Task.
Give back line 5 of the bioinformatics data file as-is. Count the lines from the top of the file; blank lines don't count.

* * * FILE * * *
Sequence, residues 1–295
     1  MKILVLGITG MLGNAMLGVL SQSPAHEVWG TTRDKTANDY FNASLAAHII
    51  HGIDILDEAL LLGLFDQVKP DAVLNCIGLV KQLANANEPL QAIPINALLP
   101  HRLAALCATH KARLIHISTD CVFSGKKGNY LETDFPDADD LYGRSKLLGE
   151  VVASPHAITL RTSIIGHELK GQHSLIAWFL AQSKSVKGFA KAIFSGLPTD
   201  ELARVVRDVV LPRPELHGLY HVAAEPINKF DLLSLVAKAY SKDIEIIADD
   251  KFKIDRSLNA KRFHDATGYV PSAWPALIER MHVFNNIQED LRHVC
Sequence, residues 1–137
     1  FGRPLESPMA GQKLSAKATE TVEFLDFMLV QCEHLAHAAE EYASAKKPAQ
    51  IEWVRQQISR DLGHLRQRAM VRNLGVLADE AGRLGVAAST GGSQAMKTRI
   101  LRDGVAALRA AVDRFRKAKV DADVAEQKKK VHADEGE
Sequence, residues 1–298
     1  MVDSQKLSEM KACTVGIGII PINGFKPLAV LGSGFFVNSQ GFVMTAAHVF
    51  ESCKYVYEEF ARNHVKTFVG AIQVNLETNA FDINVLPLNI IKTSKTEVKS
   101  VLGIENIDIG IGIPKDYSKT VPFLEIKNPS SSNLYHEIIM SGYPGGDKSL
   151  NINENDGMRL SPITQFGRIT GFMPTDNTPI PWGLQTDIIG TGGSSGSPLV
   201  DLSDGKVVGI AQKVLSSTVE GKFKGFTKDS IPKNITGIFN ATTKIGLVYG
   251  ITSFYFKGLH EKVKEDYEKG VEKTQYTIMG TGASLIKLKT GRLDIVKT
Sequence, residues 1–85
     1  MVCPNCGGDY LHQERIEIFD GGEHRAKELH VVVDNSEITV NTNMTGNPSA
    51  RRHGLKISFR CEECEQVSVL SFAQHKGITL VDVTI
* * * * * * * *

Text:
   151  VVASPHAITL RTSIIGHELK GQHSLIAWFL AQSKSVKGFA KAIFSGLPTD